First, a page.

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1 - Introduction

Published online by Cambridge University Press:  05 June 2012

Hisashi Kobayashi
Affiliation:
Princeton University, New Jersey
Brian L. Mark
Affiliation:
George Mason University, Virginia
William Turin
Affiliation:
AT&T Bell Laboratories, New Jersey
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Summary

Why study probability, random processes, and statistical analysis?

Many problems we face in daily life involve some degree of uncertainty and we need to use probabilistic reasoning in order to make a sound decision, be it an investment, medical, or social problem. In many cases “probability” may represent our personal judgment about how likely a particular event (e.g., price movement of a stock we own; positive or negative effect of some medicine we may choose to take when we are ill) is to occur. Probability attached to a given event is generally not based on any precise computation but is often a reasonable assessment based on our knowledge or experience. Such probability may be aptly called subjective or qualitative probability, and may not be scientifically estimated, unless the same event happens repeatedly.

The other type of probability we deal with is what we may call objective or quantitative probability, which can be estimated objectively based on empirical evidence from observable events. This philosophical question concerning subjective versus objective probability has been pondered by many probabilists and statisticians, as we will briefly discuss in Section 1.2. Philosophical discussion on subjective probability still continues today as a fascinating topic, as is found in arguments between two schools of statistics, i.e., frequentist statistics and Bayesian statistics, which will be discussed at the end of this chapter.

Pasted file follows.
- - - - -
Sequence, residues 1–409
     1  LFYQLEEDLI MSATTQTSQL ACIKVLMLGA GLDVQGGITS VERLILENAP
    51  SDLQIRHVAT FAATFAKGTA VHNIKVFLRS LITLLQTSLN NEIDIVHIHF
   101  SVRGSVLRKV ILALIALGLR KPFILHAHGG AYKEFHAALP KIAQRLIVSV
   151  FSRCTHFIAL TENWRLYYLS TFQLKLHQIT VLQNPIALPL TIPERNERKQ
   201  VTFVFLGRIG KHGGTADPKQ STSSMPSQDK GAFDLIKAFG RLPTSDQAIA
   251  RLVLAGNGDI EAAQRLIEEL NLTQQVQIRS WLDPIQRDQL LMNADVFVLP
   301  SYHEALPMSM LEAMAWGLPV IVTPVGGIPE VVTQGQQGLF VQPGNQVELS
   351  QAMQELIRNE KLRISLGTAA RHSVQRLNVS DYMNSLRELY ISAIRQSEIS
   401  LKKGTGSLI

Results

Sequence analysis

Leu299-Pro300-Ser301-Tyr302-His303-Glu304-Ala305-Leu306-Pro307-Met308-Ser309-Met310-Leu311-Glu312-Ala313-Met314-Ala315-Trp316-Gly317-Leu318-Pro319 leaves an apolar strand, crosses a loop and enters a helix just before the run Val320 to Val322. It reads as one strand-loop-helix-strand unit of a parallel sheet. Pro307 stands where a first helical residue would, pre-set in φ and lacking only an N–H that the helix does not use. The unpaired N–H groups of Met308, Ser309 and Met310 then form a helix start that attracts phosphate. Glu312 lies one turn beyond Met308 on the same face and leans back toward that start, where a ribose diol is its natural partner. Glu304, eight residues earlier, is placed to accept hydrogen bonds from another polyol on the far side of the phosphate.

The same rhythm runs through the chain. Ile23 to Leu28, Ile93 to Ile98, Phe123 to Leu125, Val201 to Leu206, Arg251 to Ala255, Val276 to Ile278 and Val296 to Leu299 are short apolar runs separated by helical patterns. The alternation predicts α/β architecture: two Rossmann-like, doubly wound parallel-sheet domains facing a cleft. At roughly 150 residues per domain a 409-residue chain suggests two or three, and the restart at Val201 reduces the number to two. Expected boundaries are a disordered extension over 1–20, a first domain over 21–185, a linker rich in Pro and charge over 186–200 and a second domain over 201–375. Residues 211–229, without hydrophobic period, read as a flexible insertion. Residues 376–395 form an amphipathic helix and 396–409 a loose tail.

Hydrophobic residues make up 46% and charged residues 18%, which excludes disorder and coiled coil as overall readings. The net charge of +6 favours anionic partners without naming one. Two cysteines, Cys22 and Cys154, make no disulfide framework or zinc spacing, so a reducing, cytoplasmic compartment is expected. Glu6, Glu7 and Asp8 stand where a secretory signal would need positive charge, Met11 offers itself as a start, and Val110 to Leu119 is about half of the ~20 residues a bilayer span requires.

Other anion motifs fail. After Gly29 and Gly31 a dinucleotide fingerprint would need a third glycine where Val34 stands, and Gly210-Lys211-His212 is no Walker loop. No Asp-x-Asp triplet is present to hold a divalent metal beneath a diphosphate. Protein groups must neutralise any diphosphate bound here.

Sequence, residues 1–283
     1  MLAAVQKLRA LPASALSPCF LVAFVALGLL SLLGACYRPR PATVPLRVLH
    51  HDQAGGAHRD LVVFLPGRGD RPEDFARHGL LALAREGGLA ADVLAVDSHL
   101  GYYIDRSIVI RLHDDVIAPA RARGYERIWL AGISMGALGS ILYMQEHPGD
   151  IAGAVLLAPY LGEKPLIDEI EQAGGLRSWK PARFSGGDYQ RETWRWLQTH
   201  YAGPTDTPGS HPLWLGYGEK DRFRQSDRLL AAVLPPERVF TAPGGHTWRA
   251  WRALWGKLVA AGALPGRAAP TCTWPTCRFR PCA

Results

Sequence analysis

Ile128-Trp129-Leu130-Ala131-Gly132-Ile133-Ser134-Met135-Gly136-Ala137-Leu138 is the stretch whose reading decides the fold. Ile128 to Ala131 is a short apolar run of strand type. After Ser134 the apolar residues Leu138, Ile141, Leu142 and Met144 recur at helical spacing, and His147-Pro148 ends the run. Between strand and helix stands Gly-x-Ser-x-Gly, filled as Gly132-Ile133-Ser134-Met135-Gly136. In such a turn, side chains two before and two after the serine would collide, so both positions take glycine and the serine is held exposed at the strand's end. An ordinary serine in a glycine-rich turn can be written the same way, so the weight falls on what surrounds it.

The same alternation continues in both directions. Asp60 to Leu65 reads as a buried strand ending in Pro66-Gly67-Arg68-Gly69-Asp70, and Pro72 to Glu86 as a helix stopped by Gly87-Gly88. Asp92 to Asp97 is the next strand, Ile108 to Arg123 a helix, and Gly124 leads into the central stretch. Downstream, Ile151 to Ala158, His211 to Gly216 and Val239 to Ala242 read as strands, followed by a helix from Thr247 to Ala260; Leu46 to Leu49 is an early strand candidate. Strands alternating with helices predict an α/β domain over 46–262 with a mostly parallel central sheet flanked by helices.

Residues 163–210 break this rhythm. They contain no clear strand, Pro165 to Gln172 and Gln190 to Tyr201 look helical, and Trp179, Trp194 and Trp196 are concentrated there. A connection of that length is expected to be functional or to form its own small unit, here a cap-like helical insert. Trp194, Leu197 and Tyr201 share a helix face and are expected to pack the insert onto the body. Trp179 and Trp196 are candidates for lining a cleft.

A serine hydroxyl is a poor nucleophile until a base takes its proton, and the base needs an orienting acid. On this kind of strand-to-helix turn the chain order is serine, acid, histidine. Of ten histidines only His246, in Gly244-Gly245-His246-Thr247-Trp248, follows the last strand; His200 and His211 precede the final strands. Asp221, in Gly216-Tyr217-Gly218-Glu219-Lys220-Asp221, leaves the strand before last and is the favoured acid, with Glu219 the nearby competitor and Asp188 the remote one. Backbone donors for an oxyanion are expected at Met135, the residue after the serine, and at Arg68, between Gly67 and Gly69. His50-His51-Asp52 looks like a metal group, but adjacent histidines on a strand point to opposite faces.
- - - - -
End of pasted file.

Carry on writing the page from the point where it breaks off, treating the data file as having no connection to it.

In this book we will discuss probability based on the modern probability theory established by Kolmogorov in the early twentieth century.

Type
Chapter
Information
Probability, Random Processes, and Statistical Analysis
Applications to Communications, Signal Processing, Queueing Theory and Mathematical Finance
, pp. 1 - 14
Publisher: Cambridge University Press
Print publication year: 2011

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  • Introduction
  • Hisashi Kobayashi, Princeton University, New Jersey, Brian L. Mark, George Mason University, Virginia, William Turin, AT&T Bell Laboratories, New Jersey
  • Book: Probability, Random Processes, and Statistical Analysis
  • Online publication: 05 June 2012
  • Chapter DOI: https://doi.org/10.1017/CBO9780511977770.002
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Save book to Dropbox

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  • Introduction
  • Hisashi Kobayashi, Princeton University, New Jersey, Brian L. Mark, George Mason University, Virginia, William Turin, AT&T Bell Laboratories, New Jersey
  • Book: Probability, Random Processes, and Statistical Analysis
  • Online publication: 05 June 2012
  • Chapter DOI: https://doi.org/10.1017/CBO9780511977770.002
Available formats
×

Save book to Google Drive

To save content items to your account, please confirm that you agree to abide by our usage policies. If this is the first time you use this feature, you will be asked to authorise Cambridge Core to connect with your account. Find out more about saving content to Google Drive.

  • Introduction
  • Hisashi Kobayashi, Princeton University, New Jersey, Brian L. Mark, George Mason University, Virginia, William Turin, AT&T Bell Laboratories, New Jersey
  • Book: Probability, Random Processes, and Statistical Analysis
  • Online publication: 05 June 2012
  • Chapter DOI: https://doi.org/10.1017/CBO9780511977770.002
Available formats
×